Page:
Famous Kitchen, Issaquah
Roast pork ($13.99 per pound)
The skin of the roast pork is so crispy at this Cantonese cafe, I could hear the potato-crisp crunch of a satisfied diner two tables away. That bronzed, burnished skin encases an interior of succulent white meat above a floor of fat that melts on the tongue. Little five-spice seasoning or herbs adulterate this meat. There’s just a clean taste of salty pork.
Burb’s Burgers, Montlake and Pioneer Square, and soon in Burien
Double cheeseburger ($6.50)
In the year of the smash burger, it seems that every pub or corner cafe in the city hawks this greasy diner staple. Burb’s makes one of the cheapest, and it’s as good as many of the higher-priced burgers. Its textbook-perfect patty gets smashed on the griddle and then sizzled until the edges form a thick, charred crust that contributes to its smoky taste. Ask for the Burb’s Special ($6.50), with pickles and all the works, for a taste reminiscent of a Big Mac, but without the middle bun. Better, though, is the double cheeseburger with none of the add-ons for a cleaner, beefy bite.
Banh by Lauren pop-up
Pandan Chiffon Cake ($10 for a slice)
During the restaurant shutdown, many inspiring, laid-off pastry cooks cribbed from the playbooks of their counterparts in L.A. and New York, and announced their bake sales through Instagram, a medium that’s picture-perfect to show off three-tier wedding cakes and flower frosting skills. Lauren Tran’s pastry pop-up was the runaway hit this year. The Federal Way native, who resides in New York City, came back to the Puget Sound to take care of her ailing dad, and sold some cakes as a side hustle. Through word-of-mouth, her pandan desserts drew lines three blocks long. Tran, who did stints at David Chang’s Momofuku Ko, and then at Danny Meyer’s Gramercy Tavern in New York City, still sells her cakes when she’s home. Follow her on Instagram for dates when you can buy her four-layer pandan chiffon cake with coconut mousse and whipped cream frosting; it’s the talk around Seattle and in New York. Her chiffon cake pulls off the trick of being both rich and light, a spongy-cake texture bursting with vanilla, almond and tropical flavors.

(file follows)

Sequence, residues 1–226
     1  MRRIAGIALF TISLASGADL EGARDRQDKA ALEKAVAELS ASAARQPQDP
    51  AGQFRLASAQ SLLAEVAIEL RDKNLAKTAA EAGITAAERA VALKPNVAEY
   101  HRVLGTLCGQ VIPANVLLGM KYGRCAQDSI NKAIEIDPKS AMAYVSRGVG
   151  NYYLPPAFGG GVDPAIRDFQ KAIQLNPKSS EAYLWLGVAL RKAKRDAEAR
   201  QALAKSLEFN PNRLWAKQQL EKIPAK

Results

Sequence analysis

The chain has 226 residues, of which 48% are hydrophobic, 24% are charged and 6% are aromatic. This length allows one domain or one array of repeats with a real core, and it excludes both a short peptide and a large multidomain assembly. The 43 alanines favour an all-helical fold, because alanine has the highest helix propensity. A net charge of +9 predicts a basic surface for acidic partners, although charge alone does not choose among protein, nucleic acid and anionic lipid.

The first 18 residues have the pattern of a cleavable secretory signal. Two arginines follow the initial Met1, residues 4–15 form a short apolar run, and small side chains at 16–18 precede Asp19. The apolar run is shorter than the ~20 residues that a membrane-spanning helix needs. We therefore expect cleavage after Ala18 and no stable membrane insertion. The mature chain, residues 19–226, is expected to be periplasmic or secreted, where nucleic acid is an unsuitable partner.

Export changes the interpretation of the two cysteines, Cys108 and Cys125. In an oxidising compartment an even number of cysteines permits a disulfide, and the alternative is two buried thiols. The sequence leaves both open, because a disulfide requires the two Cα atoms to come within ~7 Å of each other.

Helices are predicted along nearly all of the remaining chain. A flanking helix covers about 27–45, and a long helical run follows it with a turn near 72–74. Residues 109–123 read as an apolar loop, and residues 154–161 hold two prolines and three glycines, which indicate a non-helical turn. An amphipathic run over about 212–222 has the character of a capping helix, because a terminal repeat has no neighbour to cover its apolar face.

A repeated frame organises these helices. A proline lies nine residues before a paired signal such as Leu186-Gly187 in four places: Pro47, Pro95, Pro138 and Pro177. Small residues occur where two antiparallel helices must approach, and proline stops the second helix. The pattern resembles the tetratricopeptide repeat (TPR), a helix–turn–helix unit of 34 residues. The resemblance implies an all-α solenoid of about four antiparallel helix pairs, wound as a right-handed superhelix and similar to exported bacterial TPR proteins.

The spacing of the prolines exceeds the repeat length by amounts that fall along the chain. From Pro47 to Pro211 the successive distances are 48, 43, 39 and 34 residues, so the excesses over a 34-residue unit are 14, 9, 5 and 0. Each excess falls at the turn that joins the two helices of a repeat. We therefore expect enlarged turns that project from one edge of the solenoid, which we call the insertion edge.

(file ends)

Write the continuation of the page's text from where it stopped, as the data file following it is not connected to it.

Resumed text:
Oliver’s Twist, Phinney Ridge
Cambodian stuffed wings ($15)
The best chicken wings in the city are made at this Phinney Ridge cocktail den. They’re deboned Draper Valley poultry stuffed with pork, noodles, taro and carrots. They’re essentially egg rolls with the chicken skin doubling as wrapper. Caramelized fish sauce and the rendered fat from the skin make these wings sing.
Baron’s Sino Kitchen & Bar, Bellevue
Peking duck ($78, $49 on Mondays)
The deconstructed duck arrives looking more like a tortoise shell, its mahogany carapace shining in the light. That glossy sheen has a message: Forget about your diet. For the next hour, you are in for some blubbery bites. That skin cracks like a cracker, yielding to the duck fat just underneath, rendered nearly to liquid by hours of cooking. Take a pancake, and drop in a slice of meat, along with some green onion. Dip in the syrupy secret brown sauce. Come on Mondays, when the duck is discounted. It’s more rewarding than any Happy Hour.